LONDON (Reuters) - Grand slam titles were shared around like slices of pizza in 2014 but for all the welcome variety Novak Djokovic and Serena Williams ended the year still setting the standard.
For the first time since 1998 the eight grand slam singles trophies on offer were lifted by eight players.
While the four women’s champions were existing members of the elite club, Switzerland’s Stanislas Wawrinka and Croatia’s Marin Cilic marked the biggest shake-up of men’s tennis for a decade with breakthrough victories.
After years spent in the shadow of 17-times grand slam champion and compatriot Roger Federer, Wawrinka came good in Melbourne, beating Djokovic in the quarter-finals of the Australian Open and showing no mercy to injured Spaniard Rafa Nadal in the final.
Nadal rebounded to claim a ninth French Open title, but the year was too prove a worrying one for the injury-prone Mallorcan who suffered a shock defeat by Australian teenager Nick Krygios at Wimbledon before a wrist problem and a grumbling appendix restricted him to only seven more matches.
Federer, 33, claimed five titles but was unable to add to his record collection of grand slams.
He came close though. The Swiss maestro went toe to toe with Djokovic for five sets in an epic Wimbledon final, while a few weeks later in New York he looked favorite for the title before being ambushed by the powerful Cilic in the semi.
The door had been opened invitingly by events earlier on that sweltering New York day when Asian trailblazer Kei Nishikori became the first Asian man to reach a grand slam singles final with a stunning defeat of Djokovic.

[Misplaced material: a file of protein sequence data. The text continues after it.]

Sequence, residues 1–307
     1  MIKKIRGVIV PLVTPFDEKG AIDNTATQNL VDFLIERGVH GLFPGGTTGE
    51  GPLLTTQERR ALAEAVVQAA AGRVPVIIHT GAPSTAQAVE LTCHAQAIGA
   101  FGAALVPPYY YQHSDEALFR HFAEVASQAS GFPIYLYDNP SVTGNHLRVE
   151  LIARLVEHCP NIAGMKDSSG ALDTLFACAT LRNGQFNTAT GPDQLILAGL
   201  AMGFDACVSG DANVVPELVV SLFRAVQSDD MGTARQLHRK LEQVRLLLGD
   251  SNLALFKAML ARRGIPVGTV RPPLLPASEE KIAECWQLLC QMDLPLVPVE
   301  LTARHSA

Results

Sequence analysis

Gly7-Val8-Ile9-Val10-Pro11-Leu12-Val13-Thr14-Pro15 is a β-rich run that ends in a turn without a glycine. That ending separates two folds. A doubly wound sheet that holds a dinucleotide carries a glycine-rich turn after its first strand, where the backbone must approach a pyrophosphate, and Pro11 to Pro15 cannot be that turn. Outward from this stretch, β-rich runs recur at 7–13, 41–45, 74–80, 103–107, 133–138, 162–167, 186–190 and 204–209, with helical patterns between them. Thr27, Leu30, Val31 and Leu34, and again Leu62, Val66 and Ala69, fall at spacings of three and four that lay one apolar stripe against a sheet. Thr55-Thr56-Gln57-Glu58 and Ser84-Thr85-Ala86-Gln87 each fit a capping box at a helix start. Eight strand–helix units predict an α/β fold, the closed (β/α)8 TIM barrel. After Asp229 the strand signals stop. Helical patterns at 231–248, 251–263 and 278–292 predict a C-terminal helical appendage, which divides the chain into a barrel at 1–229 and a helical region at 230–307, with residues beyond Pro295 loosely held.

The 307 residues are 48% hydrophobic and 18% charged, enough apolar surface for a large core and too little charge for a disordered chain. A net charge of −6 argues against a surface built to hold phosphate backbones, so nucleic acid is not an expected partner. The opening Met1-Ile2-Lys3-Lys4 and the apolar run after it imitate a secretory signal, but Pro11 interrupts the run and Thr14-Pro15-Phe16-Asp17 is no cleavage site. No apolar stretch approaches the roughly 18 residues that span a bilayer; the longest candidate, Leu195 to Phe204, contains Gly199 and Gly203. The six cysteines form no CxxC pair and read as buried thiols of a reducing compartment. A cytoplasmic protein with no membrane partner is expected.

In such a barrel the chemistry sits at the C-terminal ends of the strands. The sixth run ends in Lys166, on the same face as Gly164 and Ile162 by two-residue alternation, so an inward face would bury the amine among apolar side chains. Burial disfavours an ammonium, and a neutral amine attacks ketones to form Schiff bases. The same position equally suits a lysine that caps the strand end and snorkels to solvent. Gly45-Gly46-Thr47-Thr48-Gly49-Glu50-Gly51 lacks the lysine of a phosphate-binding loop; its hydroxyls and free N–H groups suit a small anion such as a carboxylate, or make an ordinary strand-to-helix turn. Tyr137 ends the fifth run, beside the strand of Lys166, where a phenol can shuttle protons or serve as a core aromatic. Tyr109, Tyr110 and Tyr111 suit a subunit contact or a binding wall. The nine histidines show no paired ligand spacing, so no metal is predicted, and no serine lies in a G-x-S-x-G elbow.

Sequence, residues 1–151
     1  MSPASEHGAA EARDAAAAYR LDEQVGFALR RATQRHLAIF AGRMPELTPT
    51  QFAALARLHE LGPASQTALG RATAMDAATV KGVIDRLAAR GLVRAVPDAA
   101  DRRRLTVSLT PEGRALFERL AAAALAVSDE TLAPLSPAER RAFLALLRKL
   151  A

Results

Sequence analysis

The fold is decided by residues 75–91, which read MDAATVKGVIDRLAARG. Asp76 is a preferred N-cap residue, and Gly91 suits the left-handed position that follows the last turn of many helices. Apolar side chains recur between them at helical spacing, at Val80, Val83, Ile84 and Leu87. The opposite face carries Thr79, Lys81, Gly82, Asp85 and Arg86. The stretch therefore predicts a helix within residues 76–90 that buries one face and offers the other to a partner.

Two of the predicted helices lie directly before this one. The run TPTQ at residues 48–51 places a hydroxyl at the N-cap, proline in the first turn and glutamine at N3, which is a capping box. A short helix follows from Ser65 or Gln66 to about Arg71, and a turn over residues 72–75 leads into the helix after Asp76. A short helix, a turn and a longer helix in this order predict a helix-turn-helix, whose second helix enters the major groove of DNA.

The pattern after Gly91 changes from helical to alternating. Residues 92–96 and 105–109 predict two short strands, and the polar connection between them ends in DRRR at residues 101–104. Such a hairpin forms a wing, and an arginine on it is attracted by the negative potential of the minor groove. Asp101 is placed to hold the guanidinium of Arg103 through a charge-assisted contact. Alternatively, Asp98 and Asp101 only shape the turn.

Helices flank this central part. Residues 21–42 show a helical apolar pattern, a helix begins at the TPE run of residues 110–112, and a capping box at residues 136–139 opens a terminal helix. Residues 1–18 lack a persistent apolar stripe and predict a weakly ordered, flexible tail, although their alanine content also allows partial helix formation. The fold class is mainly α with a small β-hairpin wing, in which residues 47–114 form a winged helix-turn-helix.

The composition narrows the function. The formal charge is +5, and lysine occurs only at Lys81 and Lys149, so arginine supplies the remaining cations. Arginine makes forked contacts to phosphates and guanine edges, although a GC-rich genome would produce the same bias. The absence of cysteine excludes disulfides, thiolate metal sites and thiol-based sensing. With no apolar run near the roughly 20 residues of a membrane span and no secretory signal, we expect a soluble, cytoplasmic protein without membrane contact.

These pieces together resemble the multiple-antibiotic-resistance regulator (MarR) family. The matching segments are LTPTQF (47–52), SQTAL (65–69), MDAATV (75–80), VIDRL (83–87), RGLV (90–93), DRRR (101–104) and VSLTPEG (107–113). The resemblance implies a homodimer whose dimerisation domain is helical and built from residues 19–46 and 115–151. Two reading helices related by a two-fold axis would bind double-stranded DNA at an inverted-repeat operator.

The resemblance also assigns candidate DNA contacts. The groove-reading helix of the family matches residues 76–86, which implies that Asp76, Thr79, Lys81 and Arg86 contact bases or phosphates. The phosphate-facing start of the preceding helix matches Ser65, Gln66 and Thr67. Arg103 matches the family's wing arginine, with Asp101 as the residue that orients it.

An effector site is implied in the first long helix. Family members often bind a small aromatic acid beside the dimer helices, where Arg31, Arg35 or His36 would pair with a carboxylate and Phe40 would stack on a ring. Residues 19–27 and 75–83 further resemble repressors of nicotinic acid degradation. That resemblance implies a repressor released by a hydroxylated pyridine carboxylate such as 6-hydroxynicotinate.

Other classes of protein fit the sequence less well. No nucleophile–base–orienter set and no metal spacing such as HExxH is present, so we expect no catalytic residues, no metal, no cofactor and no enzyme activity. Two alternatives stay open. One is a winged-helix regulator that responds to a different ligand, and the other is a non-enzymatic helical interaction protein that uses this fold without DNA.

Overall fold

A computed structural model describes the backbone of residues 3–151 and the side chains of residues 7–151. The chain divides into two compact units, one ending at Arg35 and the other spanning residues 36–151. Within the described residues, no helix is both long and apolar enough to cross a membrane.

It meant that, for the first time since 2005 a men’s grand slam final took place without a member of the Fab Four, be it Federer, Nadal, Djokovic or Briton Andy Murray.
Cilic seized his chance in ruthless fashion by destroying Nishikori, completing a stunning comeback from the depths of the previous year when he served a doping ban.
Djokovic, who got married and became a father this year, claimed a chart-leading seven titles and won his last three events, culminating at the ATP World Tour Finals.
“I physically feel very fit,” Djokovic said ominously. “I‘m very motivated to keep on playing on a very high level. I‘m going to try to use these years in front of me to fight for number one in the world and the biggest titles in the sport.”
Like Djokovic, Williams, 33, will start 2015 as the measuring stick for the rest as usual.
The American, now the oldest world number one, overpowered Caroline Wozniacki to win her 18th grand slam title at the U.S. Open, moving level on the all-time list with Martina Navratilova and Chris Evert and only four behind record holder Steffi Graf.
While not as dominant as the year before, she still bagged seven titles and the way she scythed through the draw at Flushing Meadows was awe-inspiring, winning 14 consecutive sets and dropping only 32 games in bagging a sixth U.S. Open crown.
Romania’s Simona Halep, the most improved player on the circuit, and Canadian Eugenie Bouchard both contested their first grand slam finals but the establishment showed they are unwilling to cede the top trophies to the new generation.
Chinese veteran Li Na, who retired in September, won the Australian Open, Maria Sharapova fought off Halep to win the French Open title while Czech Petra Kvitova thrashed Bouchard to win her second Wimbledon title.
Tennis entered the brave new world of the International Premier League in December but a more fitting climax to a memorable year was Federer leading Switzerland to the Davis Cup title to fill one of the final gaps on his CV.
Editing by Mark Meadows